Annals of Biomedical Engineering

, Volume 34, Issue 1, pp 3–14

Engineering Luminescent Quantum Dots for In Vivo Molecular and Cellular Imaging

  • Andrew M. Smith
  • Gang Ruan
  • Matthew N. Rhyner
  • Shuming Nie

DOI: 10.1007/s10439-005-9000-9

Cite this article as:
Smith, A.M., Ruan, G., Rhyner, M.N. et al. Ann Biomed Eng (2006) 34: 3. doi:10.1007/s10439-005-9000-9

Semiconductor quantum dots are luminescent nanoparticles that are under intensive development for use as a new class of optical imaging contrast agents. Their novel properties such as optical tunability, improved photostability, and multicolor light emission have opened new opportunities for imaging living cells and in vivo animal models at unprecedented sensitivity and spatial resolution. Combined with biomolecular engineering strategies for tailoring the particle surfaces at the molecular level, bioconjugated quantum dot probes are well suited for imaging single-molecule dynamics in living cells, for monitoring protein–protein interactions within specific intracellular locations, and for detecting diseased sites and organs in deep tissue. In this article, we describe the engineering principles for preparing high-quality quantum dots and for conjugating the dots to biomolecular ligands. We also discuss recent advances in using quantum dots for in vivo molecular and cellular imaging.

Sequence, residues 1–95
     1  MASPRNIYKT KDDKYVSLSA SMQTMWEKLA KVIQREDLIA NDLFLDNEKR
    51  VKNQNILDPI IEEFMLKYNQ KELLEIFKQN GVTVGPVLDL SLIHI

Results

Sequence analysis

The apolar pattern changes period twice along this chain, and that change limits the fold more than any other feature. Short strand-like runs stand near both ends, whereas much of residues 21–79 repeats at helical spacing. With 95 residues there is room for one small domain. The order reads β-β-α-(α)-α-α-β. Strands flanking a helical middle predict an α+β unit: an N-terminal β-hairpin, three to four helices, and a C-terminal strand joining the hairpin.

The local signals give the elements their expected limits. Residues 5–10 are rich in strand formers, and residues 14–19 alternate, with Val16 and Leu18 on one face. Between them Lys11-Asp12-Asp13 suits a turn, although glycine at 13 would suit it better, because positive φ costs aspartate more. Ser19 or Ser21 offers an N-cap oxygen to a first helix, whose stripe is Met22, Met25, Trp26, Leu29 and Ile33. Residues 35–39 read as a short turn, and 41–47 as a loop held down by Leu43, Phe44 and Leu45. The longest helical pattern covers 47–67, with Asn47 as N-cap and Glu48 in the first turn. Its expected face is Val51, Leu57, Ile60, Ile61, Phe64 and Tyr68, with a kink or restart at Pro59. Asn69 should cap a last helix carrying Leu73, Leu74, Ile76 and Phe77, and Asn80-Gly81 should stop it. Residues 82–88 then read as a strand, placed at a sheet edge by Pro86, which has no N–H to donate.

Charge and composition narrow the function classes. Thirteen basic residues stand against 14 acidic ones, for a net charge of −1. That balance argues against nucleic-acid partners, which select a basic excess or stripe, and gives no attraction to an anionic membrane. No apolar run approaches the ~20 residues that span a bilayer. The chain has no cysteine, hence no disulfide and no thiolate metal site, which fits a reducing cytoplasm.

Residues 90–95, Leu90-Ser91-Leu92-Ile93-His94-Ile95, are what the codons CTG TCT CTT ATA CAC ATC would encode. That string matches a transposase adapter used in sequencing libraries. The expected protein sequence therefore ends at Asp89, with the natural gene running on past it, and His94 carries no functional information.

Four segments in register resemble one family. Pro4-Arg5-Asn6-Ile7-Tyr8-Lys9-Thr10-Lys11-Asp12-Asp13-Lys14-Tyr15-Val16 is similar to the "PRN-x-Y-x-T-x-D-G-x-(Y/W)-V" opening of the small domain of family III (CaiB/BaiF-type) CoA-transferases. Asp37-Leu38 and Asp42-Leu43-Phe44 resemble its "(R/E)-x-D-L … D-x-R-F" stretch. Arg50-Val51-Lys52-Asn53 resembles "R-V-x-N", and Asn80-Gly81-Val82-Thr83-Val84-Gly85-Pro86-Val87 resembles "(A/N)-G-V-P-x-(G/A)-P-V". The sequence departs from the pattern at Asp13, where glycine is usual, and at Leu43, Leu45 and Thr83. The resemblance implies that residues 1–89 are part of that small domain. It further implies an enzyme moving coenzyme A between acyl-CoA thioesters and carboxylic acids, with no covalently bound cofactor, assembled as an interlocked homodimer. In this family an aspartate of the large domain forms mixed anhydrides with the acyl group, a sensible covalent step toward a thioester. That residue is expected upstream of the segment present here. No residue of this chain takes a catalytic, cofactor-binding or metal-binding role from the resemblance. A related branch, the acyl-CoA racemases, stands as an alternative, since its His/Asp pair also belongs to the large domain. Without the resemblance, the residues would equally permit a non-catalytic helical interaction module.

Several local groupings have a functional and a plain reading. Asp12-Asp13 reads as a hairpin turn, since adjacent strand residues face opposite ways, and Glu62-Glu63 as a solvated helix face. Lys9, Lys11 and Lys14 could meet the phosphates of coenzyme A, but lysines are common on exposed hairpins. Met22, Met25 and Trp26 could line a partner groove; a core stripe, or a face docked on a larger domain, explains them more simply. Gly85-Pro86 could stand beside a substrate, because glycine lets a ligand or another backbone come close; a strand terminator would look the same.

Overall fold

Nanoparticles Nanotechnology Fluorescence Living cells Living animals Molecular imaging Cytotoxicity Cationic peptides Bioconjugation Dynamic light scattering 



fluorescence resonance energy transfer


polyethylene glycol


quantum dot


reticuloendothelial system




trioctylphosphine oxide

Copyright information

© Springer Science+Business Media, Inc. 2006

Authors and Affiliations

  • Andrew M. Smith
    • 1
  • Gang Ruan
    • 1
  • Matthew N. Rhyner
    • 1
  • Shuming Nie
    • 1
    • 2
  1. 1.Departments of Biomedical Engineering and ChemistryEmory University and Georgia Institute of TechnologyAtlantaUSA
  2. 2.Departments of Biomedical Engineering and ChemistryEmory University and Georgia Institute of TechnologyAtlantaUSA

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